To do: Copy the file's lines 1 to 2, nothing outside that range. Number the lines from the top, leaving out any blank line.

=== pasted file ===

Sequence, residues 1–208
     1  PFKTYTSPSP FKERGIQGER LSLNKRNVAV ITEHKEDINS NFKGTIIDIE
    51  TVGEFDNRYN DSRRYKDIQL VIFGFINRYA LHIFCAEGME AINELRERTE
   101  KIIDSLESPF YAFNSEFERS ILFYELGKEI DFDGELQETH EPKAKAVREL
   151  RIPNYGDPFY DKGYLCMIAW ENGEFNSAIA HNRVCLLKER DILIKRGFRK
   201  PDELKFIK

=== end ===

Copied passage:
Sequence, residues 1–208
     1  PFKTYTSPSP FKERGIQGER LSLNKRNVAV ITEHKEDINS NFKGTIIDIE